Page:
The Citizen smartphone app describes itself in simple terms: a safety network that sends alerts about nearby incidents, including crime. But in the past few months, his business has broken into potentially dangerous territory, alerting law enforcement and the employees who work there.

In Los Angeles, the company’s CEO Andrew Frame ordered his employees to pay a $ 30,000 reward for arresting a man who he mistakenly believed was responsible for starting a bushfire that had houses threatened. The sheriff’s office condemned the move, saying it put the man in danger and the man was acquitted of wrongdoing.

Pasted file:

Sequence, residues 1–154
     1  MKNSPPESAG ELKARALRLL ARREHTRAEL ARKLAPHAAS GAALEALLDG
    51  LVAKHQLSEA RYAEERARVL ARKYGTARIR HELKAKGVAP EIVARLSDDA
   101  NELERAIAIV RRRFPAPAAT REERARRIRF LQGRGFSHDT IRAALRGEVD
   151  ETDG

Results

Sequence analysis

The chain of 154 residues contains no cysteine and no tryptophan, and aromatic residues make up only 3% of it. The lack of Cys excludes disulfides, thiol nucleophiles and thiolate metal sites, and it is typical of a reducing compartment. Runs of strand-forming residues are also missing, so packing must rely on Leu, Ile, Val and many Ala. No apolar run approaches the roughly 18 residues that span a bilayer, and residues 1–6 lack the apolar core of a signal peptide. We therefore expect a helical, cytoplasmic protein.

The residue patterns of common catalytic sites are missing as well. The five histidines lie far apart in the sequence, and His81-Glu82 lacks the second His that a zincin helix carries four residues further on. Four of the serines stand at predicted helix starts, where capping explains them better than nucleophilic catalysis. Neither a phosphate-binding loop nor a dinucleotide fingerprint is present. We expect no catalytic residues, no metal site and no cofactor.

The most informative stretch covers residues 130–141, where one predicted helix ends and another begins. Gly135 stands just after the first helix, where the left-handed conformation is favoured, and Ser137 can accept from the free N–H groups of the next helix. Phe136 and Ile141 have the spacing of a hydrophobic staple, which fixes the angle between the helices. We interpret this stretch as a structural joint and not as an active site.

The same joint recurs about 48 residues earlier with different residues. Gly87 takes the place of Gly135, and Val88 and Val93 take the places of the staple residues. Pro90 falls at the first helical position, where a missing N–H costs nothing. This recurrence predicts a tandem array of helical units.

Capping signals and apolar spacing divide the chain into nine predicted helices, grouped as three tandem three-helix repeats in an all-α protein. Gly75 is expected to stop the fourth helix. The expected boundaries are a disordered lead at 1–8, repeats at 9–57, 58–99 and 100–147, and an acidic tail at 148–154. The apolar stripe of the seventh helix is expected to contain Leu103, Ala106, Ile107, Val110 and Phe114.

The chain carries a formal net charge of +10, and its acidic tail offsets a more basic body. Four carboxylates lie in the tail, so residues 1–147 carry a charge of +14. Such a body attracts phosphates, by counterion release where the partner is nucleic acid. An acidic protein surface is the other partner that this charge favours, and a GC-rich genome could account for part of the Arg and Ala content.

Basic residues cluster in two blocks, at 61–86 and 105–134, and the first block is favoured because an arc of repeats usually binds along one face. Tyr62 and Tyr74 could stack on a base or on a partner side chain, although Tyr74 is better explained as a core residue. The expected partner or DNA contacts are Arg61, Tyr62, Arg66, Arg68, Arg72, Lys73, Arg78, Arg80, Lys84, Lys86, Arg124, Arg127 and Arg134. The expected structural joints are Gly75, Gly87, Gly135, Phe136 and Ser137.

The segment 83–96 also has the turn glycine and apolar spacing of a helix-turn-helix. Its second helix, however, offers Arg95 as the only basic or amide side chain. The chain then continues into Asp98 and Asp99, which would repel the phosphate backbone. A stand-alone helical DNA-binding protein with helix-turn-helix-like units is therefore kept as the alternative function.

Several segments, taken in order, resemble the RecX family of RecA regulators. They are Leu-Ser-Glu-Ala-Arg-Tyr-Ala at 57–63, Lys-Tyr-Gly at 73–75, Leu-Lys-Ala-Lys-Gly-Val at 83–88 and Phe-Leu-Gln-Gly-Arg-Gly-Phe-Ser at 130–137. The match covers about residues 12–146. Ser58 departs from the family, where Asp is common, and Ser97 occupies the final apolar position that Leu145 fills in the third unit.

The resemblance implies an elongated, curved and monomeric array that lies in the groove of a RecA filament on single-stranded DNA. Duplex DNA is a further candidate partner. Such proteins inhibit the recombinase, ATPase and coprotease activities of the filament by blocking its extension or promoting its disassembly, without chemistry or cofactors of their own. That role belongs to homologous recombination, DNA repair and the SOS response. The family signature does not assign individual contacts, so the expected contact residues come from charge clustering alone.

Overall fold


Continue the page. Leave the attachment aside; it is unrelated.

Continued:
Days later, people saw what looked like an SUV with the Citizen logo driving through Los Angeles. It turned out to be a private security test of people willing to pay the company a monthly fee, and was quickly denounced on social media as a dystopian idea that could disrupt the 911 system. The company then canceled the test.


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